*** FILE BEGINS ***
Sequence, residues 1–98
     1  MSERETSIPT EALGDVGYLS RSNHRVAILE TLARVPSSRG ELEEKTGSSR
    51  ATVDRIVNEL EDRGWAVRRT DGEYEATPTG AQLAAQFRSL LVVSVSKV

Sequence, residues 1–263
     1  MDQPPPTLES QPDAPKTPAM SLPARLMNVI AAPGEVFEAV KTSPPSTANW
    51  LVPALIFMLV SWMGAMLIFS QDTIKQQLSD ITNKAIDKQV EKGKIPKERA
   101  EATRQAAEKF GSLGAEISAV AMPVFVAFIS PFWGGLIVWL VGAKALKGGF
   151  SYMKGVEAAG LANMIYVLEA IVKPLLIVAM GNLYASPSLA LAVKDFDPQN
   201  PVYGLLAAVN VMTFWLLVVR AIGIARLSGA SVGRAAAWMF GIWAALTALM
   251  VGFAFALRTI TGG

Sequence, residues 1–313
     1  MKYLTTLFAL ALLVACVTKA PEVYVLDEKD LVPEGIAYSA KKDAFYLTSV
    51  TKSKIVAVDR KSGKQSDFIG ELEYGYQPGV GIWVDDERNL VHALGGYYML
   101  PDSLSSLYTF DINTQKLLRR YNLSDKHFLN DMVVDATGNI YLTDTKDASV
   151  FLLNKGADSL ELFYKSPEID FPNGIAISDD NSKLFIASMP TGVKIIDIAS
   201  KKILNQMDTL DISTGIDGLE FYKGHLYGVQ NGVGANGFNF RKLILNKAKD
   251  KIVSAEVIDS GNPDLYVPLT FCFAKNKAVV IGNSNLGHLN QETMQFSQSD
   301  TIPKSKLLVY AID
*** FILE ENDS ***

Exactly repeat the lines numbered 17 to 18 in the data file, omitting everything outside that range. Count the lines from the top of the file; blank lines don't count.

   251  KIVSAEVIDS GNPDLYVPLT FCFAKNKAVV IGNSNLGHLN QETMQFSQSD
   301  TIPKSKLLVY AID